From this we know this individual needs 62.5g of protein per meal. Given that MyoPROBURN contains 30.9g of protein per serving we know that if we have 2 scoops of MyoPROBURN we have almost perfectly hit the total of 62.5g of rapidly absorbed protein in our post-workout shake! 

That’s one meal taken care of! For the other 4 or 5 meals simply calculate the quantity of each food needed to provide the protein you require using the same method. For example, if 100g of beef contains 31g of protein then you will require just over 200g of beef to provide the required protein amount of 62.5g for that meal. Simply repeat this process for each meal until you have the required protein total for the day. Add in your carbs and fats and you’ve got a solid foundation for optimal muscle growth and recovery!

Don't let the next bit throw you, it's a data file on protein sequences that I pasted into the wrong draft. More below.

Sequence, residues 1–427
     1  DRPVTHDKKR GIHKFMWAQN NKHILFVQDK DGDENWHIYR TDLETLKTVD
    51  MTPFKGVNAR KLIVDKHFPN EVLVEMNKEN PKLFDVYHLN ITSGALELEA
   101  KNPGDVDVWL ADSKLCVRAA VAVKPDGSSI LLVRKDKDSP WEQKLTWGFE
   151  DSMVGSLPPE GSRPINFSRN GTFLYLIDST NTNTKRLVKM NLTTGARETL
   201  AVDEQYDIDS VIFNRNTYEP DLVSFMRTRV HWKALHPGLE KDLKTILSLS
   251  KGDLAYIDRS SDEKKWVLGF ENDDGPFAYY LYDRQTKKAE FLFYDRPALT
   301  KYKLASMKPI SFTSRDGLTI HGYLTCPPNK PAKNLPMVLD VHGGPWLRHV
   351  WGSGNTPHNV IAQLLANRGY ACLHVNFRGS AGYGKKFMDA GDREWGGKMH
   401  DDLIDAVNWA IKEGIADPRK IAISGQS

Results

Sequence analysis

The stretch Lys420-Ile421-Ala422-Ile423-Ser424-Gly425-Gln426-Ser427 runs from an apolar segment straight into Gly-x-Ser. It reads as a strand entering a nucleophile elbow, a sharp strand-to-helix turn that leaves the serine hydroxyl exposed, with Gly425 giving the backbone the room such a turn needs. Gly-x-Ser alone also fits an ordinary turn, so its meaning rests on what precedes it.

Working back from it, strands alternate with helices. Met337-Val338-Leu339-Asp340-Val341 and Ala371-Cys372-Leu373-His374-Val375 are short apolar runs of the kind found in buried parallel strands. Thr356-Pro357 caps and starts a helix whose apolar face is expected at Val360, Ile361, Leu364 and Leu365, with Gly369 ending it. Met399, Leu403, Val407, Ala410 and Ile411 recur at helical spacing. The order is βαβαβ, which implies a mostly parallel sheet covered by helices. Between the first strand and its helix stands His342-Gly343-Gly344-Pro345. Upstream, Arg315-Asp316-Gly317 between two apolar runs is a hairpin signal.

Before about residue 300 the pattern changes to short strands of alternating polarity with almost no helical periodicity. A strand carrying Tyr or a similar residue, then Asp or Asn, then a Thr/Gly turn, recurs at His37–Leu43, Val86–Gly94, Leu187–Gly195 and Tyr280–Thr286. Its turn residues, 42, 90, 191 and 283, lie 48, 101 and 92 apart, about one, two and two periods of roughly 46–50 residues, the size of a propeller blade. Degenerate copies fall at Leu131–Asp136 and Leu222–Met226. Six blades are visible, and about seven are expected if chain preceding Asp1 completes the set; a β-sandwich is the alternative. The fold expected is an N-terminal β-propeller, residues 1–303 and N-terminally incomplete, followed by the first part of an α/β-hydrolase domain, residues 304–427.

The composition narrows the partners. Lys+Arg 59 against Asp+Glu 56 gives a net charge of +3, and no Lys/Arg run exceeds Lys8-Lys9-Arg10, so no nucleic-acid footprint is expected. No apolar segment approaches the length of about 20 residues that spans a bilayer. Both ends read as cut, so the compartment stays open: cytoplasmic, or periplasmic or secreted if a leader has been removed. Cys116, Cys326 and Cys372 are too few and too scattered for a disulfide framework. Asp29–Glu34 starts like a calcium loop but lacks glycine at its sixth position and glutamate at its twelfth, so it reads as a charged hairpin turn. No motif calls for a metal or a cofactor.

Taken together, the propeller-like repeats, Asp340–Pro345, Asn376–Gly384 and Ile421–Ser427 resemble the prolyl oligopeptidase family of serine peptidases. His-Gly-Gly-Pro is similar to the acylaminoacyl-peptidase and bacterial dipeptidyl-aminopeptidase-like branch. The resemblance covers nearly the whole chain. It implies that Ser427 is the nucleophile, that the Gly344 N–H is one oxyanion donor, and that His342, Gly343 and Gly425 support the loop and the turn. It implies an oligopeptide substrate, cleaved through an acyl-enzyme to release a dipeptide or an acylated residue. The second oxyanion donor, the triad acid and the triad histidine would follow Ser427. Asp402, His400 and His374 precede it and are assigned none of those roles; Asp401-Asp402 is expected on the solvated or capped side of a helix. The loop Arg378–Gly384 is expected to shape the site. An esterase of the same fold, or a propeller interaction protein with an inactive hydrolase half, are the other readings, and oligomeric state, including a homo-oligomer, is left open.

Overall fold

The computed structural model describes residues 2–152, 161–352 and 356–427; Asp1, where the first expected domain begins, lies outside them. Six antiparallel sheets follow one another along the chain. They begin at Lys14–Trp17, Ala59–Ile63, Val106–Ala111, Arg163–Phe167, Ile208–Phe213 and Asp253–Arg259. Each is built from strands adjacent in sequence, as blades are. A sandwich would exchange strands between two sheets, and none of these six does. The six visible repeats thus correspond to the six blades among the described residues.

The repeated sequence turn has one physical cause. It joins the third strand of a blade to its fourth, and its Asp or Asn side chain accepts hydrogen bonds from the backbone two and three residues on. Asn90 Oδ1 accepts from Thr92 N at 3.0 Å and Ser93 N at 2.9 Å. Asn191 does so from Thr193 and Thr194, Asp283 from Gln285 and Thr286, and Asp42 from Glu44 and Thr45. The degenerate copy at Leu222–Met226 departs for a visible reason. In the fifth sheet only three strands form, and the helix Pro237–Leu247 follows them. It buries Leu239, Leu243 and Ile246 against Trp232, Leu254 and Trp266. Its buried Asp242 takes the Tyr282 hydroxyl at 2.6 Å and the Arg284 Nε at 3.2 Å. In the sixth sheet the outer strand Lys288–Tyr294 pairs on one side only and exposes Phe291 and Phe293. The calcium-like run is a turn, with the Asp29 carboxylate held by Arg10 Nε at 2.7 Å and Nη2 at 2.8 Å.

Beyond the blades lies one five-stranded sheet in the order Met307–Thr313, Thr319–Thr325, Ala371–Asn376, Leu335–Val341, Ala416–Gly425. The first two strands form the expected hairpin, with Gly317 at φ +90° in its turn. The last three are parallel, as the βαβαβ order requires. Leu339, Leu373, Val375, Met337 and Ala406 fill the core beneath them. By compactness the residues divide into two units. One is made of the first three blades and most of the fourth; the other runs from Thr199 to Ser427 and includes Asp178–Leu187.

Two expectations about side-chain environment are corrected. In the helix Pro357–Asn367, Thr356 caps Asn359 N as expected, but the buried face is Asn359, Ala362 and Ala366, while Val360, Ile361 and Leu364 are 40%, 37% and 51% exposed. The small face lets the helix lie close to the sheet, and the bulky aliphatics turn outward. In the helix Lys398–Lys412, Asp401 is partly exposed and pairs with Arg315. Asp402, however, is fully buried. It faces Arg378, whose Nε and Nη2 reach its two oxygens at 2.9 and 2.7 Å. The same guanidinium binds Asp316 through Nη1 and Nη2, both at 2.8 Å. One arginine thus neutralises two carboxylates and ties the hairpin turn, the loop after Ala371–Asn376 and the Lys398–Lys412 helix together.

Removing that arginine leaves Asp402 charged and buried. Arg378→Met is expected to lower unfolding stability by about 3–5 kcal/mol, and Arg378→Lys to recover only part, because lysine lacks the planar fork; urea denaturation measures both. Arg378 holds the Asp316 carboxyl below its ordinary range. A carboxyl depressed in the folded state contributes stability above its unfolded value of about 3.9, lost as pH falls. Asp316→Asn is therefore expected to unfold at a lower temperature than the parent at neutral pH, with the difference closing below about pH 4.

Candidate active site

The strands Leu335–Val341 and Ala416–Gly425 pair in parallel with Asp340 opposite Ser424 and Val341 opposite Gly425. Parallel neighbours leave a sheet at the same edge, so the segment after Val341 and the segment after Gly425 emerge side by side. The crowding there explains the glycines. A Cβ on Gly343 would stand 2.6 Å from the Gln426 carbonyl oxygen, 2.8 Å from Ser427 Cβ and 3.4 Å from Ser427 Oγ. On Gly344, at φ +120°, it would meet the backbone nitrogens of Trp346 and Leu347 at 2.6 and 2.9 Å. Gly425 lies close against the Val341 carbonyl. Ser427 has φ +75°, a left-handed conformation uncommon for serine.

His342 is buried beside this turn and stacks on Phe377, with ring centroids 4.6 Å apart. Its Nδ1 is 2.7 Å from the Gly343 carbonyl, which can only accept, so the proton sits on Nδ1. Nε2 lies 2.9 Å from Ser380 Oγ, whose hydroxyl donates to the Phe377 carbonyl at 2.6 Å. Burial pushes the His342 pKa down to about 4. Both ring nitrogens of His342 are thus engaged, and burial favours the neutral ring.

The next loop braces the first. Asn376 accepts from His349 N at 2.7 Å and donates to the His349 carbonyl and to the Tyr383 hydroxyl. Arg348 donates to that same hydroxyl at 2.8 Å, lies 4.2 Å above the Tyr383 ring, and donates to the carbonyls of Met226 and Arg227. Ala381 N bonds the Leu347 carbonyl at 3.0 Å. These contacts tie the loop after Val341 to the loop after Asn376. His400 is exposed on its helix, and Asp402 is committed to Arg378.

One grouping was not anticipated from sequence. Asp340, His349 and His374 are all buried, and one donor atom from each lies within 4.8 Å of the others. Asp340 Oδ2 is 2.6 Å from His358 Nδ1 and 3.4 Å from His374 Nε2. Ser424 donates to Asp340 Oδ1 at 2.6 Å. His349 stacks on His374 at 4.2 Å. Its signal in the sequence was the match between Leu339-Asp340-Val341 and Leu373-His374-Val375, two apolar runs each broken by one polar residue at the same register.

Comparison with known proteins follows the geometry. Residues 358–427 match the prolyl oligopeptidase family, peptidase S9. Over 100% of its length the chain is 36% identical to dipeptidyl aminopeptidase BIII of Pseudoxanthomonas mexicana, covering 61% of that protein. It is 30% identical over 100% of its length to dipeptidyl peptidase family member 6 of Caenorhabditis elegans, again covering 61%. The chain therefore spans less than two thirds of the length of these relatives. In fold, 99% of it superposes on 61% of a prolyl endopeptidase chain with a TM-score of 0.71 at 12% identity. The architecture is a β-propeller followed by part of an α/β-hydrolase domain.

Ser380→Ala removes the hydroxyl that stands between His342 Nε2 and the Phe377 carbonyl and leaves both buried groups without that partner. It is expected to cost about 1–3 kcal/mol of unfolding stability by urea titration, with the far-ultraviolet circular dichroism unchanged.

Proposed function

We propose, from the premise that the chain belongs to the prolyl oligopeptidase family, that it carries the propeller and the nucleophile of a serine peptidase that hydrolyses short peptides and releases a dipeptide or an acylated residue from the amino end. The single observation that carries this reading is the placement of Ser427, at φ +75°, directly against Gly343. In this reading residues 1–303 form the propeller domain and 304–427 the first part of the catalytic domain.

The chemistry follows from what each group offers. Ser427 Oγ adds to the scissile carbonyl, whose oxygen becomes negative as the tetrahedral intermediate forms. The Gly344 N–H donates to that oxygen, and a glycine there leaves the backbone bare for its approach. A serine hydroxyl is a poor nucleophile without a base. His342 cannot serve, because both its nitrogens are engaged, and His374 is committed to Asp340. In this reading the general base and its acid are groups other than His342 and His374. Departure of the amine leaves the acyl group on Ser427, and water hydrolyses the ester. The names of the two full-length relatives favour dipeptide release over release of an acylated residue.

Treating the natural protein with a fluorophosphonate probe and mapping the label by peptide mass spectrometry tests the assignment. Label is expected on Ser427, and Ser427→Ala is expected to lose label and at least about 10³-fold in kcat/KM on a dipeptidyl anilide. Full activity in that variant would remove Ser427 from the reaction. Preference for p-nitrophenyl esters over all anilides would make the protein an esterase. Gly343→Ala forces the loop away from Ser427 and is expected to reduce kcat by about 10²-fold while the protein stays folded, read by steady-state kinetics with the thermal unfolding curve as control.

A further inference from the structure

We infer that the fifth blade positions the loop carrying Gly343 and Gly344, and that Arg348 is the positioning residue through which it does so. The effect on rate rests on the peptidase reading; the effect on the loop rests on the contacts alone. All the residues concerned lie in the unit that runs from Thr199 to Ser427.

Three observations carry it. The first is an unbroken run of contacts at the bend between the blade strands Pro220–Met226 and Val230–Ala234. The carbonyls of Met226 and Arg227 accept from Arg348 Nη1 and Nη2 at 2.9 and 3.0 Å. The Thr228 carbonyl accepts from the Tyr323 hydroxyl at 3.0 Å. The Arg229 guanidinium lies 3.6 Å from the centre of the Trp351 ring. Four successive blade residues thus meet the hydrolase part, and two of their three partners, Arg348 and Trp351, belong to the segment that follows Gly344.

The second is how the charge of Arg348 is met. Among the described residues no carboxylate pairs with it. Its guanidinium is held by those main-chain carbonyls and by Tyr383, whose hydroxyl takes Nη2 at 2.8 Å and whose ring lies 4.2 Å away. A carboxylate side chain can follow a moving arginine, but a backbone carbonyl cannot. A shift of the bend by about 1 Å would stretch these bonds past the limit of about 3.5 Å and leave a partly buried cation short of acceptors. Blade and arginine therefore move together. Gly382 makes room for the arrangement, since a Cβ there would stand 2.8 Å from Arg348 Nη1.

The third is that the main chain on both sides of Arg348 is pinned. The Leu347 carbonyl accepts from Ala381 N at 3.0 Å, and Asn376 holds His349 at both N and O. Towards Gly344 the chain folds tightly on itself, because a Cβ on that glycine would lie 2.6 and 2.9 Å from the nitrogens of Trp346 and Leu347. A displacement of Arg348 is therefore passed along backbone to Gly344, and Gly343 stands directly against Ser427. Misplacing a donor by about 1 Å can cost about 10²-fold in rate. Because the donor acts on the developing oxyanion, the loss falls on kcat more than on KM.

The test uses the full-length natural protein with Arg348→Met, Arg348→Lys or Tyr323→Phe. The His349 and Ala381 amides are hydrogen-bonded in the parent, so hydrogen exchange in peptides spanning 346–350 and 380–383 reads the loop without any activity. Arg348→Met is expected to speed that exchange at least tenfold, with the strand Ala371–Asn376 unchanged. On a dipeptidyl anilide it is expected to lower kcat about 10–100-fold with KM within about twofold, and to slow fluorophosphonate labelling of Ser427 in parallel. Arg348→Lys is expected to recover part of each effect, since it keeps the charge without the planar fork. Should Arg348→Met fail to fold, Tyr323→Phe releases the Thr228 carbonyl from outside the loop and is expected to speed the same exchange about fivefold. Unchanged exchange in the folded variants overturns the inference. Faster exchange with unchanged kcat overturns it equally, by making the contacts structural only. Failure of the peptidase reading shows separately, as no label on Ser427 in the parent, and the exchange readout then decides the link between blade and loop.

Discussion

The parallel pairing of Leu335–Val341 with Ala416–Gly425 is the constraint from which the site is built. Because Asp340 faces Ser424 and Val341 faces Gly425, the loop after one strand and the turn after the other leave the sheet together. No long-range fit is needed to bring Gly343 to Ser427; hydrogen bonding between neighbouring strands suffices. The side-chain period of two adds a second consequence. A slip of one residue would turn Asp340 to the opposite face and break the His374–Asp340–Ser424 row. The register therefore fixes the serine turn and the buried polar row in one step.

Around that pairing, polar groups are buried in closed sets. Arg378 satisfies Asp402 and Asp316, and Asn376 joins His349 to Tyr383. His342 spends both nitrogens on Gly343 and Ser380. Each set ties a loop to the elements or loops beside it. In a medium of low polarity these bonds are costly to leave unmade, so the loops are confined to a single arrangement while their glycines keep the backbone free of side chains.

Now we’ve shown you how to do it, there’s no excuse not to do it! Start today! Track your protein intake, hit the totals and the results will show!

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2 Comments

  1. Wow absolutely loved this full breakdown of protein how and why we need it. Didn’t really know much information about it but the blog gives you an in-depth insight and explains quite simply what we need to include protein in our lives.